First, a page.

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Nordic countries are lacking a coherent, joined-up strategic approach to take more advantage of joint cross-border collaboration on artificial intelligence (AI), according to a recent report from Helsinki-based private lab Silo AI.
The State of Nordic AI report concludes that although Nordic states share a unified view on the ethical use of AI and the prioritisation of human wellbeing with AI, they lack a common “Nordic vision” to maximise the value potential from joint cross-border collaboration in primary areas such as innovation-led research and downstream commercial development.
The report does, however, highlight improvements within the Nordic AI sphere, such as the visible shift in 2021 to increase adoption of AI in small to medium-sized enterprises (SMEs) across all countries in the region, but Denmark, Sweden and Finland in particular.
The State of Nordic AI report also reveals higher levels of public and private funding for AI initiatives, with Sweden dominant.
Silo AI’s report is a spin-off from the organisation’s expansion in July 2021, when it launched the Nordic region’s First Artificial Intelligence Accelerator (FAIA) as a central part of its long-term plan to build a European flagship AI company to deliver AI-driven solutions to companies in the autonomous vehicle, Industry 4.0, communications networks, smart devices and smart city sectors.
The Nordic-level FAIA aims to expand Silo AI’s existing services to all Nordic markets, with a specific focus on helping established companies take their first steps with AI-driven products, said Alexander Törnroth, Silo AI’s ecosystem lead, who heads up FAIA’s operations.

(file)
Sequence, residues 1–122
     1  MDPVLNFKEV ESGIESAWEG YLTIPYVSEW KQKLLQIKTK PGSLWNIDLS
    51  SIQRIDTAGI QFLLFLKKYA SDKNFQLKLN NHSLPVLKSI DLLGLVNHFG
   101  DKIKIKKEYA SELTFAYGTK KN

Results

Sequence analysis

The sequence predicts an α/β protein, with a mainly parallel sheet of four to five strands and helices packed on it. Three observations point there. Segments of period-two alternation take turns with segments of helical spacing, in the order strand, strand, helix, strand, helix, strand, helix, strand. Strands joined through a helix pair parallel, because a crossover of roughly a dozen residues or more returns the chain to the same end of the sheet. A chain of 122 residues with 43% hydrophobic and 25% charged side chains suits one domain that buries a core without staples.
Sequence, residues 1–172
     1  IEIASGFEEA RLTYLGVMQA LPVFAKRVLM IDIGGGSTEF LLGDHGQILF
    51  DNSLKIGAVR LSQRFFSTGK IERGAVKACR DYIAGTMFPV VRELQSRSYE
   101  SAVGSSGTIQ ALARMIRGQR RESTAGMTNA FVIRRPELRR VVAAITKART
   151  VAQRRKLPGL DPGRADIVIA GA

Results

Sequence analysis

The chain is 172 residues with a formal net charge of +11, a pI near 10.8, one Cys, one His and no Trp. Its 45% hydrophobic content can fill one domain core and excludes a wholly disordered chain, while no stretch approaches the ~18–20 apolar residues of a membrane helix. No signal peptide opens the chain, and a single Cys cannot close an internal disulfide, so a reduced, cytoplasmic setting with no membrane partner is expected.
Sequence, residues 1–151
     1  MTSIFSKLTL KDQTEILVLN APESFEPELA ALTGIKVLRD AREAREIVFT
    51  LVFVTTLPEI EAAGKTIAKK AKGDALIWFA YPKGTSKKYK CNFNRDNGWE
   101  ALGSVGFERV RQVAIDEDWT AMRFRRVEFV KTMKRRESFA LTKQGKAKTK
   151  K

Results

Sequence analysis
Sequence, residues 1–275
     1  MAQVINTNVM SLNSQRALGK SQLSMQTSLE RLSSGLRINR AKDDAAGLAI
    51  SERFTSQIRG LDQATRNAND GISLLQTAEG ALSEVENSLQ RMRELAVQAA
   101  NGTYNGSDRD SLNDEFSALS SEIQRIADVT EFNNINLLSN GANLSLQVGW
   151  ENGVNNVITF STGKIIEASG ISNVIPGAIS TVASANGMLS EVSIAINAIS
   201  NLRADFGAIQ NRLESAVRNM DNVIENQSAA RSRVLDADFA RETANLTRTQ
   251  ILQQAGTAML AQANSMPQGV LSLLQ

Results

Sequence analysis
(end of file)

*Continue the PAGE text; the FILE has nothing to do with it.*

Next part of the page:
“We want to grow our activities to other Nordic countries to support the increasing need to accelerate scaling AI across a variety of industries,” he said. “As the market matures, we plan to focus on helping smaller, more traditional organisations overcome their questions and doubts.”
The report’s findings bolster the view that the Nordic states have the potential to become major global players in the development and commercialisation of AI systems, products and services. The report notes that McKinsey has placed Nordic countries in the top quartile for AI readiness.
The report further notes that the Nordic countries are ranked in the global top 10 by Oxford Insights on the Government AI Readiness Index. Only the US and the UK were ranked above Finland, followed by Sweden (5th), Denmark (8th) and Norway (10th). In driving AI, the Nordic countries benefit from a high level of digitisation, skilled workforce, data quality, accessibility and transparency.
The State of Nordic AI report refers to global AI talent studies that find about 2% of the worldwide AI talent, including data scientists, researchers and data engineers, are located in the Nordic region. Sweden is deemed to have the largest talent pool of all the Nordic states.
The report estimates that 24,000 Nordic organisations are currently “experimenting with AI”. Among these, 4,359 organisations are assessed as using AI in their day-to-day business activities, while the more advanced Nordic enterprises deploy AI in core functions to create competitive advantages in central areas covering customer services, products, and research and development (R&D).
The report identifies a lack of time and financial resources, as well as challenges related to data and scaling, as the principal impediments for SMEs to integrate AI more widely into their businesses and at a greater speed.
Read more about artificial intelligence in the Nordics
- Denmark is gearing up to become a trailblazing nation in the development and use of artificial intelligence technologies.